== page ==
Amish made hardwood

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 Post subject: Screen and Recoat Question
PostPosted: Tue Jul 24, 2018 1:51 pm 
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Joined: Mon Jul 23, 2018 11:06 am
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Hello All,

New member and first time poster. I am looking to get my wood floors screened and recoated. I have 1,100 sq/ft of double cross grain red oak in very good shape. It's just been ten years since a recoat and I want to keep it in good shape. I have sourced three quotes, all of which are very different.

2 out the 3 contractors are roughly in the same ballpark. Both can screen and apply one coat oil based satin finish in a day. Pricing between $1.10 - $1.75 per sq/ft.

The third contractor will take 3 days and wants to remove all my baseboards and reinstall them for an additional $800. He feels the machine will damage the baseboards so he wants to remove them. I feel it is unlikely none of the baseboards will be damaged, and I am responsible for new baseboards plus painting if damaged. In addition, I would need to provide new caulking. Not to mention pricing is over $2 per sq/ft.

Questions for folks here:

1. Are the first two reasonable and are there any pitfalls or considerations I may not be thinking about?

2. Is this third guy adding additional work that is not necessary? Plus he wants to charge me 2-3 times more per sq./ft. as much as the first two. What am I missing here?

Thanks in advance. Yes, I'm a newbie to floors and glad I found this forum full of knowable folks. :D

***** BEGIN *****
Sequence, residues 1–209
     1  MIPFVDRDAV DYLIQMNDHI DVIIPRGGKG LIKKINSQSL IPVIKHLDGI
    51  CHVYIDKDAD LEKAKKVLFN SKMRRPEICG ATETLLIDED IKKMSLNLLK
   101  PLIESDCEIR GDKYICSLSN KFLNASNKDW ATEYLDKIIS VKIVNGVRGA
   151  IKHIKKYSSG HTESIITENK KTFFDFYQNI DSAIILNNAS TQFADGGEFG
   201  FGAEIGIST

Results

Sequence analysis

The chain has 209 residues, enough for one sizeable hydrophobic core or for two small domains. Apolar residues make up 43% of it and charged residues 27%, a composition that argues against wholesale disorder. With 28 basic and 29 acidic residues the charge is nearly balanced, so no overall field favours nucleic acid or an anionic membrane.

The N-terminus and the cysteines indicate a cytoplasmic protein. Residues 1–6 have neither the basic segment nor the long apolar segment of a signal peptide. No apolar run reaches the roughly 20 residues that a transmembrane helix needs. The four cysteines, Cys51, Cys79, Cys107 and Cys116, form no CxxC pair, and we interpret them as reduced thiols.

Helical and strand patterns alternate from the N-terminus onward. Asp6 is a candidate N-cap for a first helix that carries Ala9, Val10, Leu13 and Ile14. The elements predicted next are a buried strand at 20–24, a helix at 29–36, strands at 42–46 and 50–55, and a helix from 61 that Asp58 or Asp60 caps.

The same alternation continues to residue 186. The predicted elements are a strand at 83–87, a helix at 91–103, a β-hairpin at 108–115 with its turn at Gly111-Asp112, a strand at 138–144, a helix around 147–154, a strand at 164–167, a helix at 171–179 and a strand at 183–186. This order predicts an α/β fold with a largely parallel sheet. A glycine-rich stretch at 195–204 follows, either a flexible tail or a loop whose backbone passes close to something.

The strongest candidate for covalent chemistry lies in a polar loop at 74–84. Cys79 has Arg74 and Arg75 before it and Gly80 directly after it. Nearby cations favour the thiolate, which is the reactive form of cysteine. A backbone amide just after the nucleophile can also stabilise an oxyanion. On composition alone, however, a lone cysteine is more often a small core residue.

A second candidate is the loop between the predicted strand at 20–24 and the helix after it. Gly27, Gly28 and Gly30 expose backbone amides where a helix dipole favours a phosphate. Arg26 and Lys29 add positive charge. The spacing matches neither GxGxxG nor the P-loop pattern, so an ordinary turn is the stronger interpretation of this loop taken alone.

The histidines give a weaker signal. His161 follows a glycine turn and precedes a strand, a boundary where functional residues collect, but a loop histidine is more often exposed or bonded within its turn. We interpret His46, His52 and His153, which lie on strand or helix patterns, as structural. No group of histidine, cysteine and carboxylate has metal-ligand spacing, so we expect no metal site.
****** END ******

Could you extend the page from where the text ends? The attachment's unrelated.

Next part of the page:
CH


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 Post subject: Re: Screen and Recoat Question
PostPosted: Tue Jul 24, 2018 9:30 pm 
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Joined: Tue Jun 16, 2015 12:02 am
Posts: 912
If you want only a screen and re-coat you will get what you pay for. The cured finish needs to be abraded creating tooth for the next coat to adhere. Are you responsible for cleaning the floor? Worn floors can be hard to clean because of fine scratches that hold soil. Screening will help remove some of the dirt, along with oxidized finish. The directions for re-coating that I have seen on finish cans recommend 100 grit screens. Which will give plenty of tooth for the next coat to stick. The problem that I have seen is that after a "thin" coat of poly you can notice screen marks through the finish. It can take two coats to fill in the scuffing that a thorough screening can leave.
The room will require hand sanding around the perimeter which will eliminate problems from a machine rubbing against the base board.
Another coat of regular poly will add a layer of color that has been removed by aggressive cleaning or the screening process since oil based poly-urethane has an amber color. The important thing is good adhesion.


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